Race day came.  I stood in transition getting dressed and said, I can't do this.  I had been thinking it for days, saying it here and there and then shaking myself angrily and trying to rewrite those thoughts.  The stories we tell ourselves.  The swim was wetsuit optional, I chose to wear my swim skin because I hoped that I would start racing and be able to find myself.  I went off in the back of the hour corral, right behind someone who swims in my lane at masters.  I know that she is faster than me but I also know that I stay on her feet for ninety minutes at least once a week.  The start was aggressive, it took a while for the pack to blow out.  I could tell that there weren't a lot of women around me.  I stayed focused, anchor and roll, thinking about powering my stroke and nothing more.  I knew the only way I could get through the day would be by staying in every minute, blocking out any noise, but the truth is I was numb.  My support team let me know that I got out of the water in fifth place but passed three women in transition and rolled out of the reservoir in second.  
I held onto second place through about 60 miles.  I was having a bit of trouble getting nutrition down, so I backed off heart rate a bit to see if that would help.  And it did, and that was when the first woman blew past me.  I tried to (legally) pace off of her, but one eye on the power meter let me know that was a terrible idea.  Another woman went by me a few minutes later and when I came through mile 80, I was in fourth and four minutes back.  I worked hard to keep my power up those last 30 miles, the longer climbs were hot and I was showering with water bottles every aid station, I had to force myself to eat and drink, but I rolled down Folsom knowing that I had slaughtered the first seven hours of my day.  
When I got off the bike, my stomach felt a little empty but otherwise fine.  I flew through transition, stopped quickly to pee, and headed out, still in fourth, but gaining.  The path was shockingly empty.  My first mile split a perfect 9:09.  My legs didn't feel great although they have certainly felt worse, but my legs weren't the problem.  The problem was my head.  The second mile started to feel hard, and negative thoughts started to roll in.  I pounded some coke right away because often negative thoughts are based in nutrition, but I was beyond the point of sugar & caffeine.  I started to yell at myself in my head, this is supposed to be for you, just keep moving, keep eating, keep believing, do this for you and no one else.  I knew how ashamed and angry I would be later if I gave up, because I've given up before.  I knew that I would despise myself for making that choice.  It wasn't enough.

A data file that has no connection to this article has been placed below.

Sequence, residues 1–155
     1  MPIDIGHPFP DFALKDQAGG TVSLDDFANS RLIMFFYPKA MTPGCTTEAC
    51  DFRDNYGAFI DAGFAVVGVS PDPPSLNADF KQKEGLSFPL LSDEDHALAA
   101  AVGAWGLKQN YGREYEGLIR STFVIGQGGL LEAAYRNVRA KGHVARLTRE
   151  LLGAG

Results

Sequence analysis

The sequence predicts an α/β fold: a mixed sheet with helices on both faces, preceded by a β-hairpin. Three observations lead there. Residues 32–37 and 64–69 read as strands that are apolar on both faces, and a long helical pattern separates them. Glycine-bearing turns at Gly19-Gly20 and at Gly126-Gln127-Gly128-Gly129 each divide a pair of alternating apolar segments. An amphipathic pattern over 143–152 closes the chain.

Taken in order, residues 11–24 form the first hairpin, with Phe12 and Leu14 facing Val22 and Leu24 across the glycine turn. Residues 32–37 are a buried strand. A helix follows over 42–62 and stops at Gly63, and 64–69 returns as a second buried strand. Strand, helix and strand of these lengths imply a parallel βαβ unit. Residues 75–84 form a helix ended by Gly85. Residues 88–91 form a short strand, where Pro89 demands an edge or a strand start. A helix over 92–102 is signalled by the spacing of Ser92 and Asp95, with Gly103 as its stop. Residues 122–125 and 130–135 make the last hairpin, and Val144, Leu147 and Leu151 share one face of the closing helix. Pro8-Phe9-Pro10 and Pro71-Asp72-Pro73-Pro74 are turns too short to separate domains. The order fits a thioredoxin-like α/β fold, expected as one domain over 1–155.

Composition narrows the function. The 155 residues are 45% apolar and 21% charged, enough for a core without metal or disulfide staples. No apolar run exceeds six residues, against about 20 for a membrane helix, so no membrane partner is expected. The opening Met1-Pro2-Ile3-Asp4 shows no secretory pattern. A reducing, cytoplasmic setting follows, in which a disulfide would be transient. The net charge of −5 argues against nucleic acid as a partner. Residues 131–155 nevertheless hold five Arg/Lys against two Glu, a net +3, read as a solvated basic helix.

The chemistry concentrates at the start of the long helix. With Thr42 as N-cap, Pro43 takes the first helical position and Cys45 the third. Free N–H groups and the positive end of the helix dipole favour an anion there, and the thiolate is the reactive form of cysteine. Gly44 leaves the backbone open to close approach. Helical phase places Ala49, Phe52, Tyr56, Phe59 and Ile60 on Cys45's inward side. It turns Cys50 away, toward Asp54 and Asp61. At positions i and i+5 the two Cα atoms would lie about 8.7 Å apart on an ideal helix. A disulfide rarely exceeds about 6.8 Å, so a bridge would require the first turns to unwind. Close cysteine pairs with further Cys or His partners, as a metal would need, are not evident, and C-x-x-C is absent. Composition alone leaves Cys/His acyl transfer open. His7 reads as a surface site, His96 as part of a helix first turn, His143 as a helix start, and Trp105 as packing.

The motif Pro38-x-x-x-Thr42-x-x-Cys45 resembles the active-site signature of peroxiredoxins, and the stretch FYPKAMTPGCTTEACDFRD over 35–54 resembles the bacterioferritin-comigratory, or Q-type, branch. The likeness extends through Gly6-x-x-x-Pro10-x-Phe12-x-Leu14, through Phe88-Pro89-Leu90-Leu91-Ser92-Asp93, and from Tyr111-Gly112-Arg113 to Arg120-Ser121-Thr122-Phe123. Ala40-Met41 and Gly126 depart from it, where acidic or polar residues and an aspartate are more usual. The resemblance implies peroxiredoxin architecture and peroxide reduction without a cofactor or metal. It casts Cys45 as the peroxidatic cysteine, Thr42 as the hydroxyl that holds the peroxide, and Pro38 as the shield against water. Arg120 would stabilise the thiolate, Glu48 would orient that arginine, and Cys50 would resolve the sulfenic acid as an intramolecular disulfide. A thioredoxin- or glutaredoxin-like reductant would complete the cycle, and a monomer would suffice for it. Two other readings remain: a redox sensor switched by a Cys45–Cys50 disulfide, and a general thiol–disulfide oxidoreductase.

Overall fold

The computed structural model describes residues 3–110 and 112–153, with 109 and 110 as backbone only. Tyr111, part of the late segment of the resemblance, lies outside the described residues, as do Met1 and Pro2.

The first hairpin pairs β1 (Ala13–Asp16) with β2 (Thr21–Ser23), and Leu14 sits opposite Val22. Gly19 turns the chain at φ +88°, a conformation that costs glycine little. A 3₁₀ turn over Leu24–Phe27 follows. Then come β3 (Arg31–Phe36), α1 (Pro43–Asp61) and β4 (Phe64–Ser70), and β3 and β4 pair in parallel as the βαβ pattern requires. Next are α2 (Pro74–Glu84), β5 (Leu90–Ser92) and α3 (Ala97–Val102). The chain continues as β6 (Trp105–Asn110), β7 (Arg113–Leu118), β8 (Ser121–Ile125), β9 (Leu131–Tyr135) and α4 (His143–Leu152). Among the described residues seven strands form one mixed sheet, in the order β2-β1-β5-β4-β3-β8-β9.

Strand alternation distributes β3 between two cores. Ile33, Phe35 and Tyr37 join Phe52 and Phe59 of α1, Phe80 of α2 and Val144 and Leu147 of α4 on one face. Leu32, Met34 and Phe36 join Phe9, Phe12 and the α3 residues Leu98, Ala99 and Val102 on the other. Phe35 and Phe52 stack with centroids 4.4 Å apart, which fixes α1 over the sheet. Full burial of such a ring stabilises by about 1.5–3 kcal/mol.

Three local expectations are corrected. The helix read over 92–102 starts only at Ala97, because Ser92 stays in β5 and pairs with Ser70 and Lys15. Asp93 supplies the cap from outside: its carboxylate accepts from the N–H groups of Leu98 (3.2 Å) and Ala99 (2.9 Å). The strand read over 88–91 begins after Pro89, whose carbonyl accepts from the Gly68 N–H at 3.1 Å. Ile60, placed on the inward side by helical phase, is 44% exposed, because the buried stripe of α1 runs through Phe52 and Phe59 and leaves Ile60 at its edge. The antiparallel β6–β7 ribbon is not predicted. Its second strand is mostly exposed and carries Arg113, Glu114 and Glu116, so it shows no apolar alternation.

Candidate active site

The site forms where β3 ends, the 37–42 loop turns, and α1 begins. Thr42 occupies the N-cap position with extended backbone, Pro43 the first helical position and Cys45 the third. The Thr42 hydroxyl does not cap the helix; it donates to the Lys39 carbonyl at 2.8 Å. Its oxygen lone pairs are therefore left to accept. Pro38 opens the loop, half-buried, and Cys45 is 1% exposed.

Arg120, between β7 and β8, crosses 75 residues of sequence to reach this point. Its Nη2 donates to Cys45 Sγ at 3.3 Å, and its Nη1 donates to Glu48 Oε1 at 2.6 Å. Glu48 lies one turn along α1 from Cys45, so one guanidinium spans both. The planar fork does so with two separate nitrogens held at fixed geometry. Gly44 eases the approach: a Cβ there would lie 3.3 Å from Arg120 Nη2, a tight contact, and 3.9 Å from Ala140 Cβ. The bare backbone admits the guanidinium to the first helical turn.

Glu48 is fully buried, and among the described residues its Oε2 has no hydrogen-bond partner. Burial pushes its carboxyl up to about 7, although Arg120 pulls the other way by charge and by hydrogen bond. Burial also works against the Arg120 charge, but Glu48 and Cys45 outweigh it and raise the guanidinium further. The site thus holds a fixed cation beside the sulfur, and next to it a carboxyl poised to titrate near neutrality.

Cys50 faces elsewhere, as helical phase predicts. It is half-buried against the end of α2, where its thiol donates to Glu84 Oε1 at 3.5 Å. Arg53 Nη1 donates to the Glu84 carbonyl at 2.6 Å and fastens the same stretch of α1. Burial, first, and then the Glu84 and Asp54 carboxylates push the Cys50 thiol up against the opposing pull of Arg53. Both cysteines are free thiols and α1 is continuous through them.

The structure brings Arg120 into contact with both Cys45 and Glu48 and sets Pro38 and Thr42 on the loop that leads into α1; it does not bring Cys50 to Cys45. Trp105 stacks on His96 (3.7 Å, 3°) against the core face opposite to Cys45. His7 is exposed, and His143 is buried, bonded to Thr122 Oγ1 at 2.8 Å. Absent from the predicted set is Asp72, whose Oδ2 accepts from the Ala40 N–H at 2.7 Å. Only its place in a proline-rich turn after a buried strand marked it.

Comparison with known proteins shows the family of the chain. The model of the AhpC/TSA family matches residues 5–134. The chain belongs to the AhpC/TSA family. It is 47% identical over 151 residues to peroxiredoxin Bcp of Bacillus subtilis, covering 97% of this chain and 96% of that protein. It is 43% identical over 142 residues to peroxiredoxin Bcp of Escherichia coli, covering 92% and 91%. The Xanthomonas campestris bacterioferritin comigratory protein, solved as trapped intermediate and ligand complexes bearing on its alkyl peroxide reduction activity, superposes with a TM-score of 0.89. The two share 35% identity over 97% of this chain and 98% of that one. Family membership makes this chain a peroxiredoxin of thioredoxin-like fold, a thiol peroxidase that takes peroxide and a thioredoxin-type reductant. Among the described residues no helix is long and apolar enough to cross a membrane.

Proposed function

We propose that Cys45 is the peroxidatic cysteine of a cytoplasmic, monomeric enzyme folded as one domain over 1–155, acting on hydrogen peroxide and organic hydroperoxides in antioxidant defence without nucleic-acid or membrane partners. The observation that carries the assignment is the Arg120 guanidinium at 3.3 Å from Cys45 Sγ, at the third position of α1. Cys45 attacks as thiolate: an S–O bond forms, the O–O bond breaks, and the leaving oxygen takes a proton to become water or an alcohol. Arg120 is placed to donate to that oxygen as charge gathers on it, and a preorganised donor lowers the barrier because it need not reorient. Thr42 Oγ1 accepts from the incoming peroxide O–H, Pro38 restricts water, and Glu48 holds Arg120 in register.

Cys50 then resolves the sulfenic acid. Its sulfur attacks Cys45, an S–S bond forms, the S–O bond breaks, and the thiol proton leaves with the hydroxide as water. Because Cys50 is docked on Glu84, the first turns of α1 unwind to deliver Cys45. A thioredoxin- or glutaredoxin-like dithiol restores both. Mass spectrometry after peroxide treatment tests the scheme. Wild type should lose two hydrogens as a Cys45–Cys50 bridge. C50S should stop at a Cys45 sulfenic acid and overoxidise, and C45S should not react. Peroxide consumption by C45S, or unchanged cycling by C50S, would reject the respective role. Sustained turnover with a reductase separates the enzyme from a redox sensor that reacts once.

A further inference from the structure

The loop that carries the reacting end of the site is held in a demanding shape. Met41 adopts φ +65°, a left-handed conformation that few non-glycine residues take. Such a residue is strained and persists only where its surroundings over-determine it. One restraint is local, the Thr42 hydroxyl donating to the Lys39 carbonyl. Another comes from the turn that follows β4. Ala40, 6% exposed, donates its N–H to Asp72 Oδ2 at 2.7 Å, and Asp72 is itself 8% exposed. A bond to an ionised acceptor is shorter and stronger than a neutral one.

The part that hurts the most, the next morning, is that I had it and I let it go.  It was in hand.  All I had to do was execute the run that I was 100% confident my physical body had the ability to do.  And I chose not to, I'm not victimizing this.  It was my choice to quit and I made it.

I walked until I found someone with a cell phone so I could call to get a ride, and instead I was told to call Michelle before turning in my chip.  She ripped me a good one - and I know this is backed by love but man, when she is pissed off it is a raging fire - and I agreed to finish.  Simply because I didn't have the strength to fight with her either.  The path of least resistance.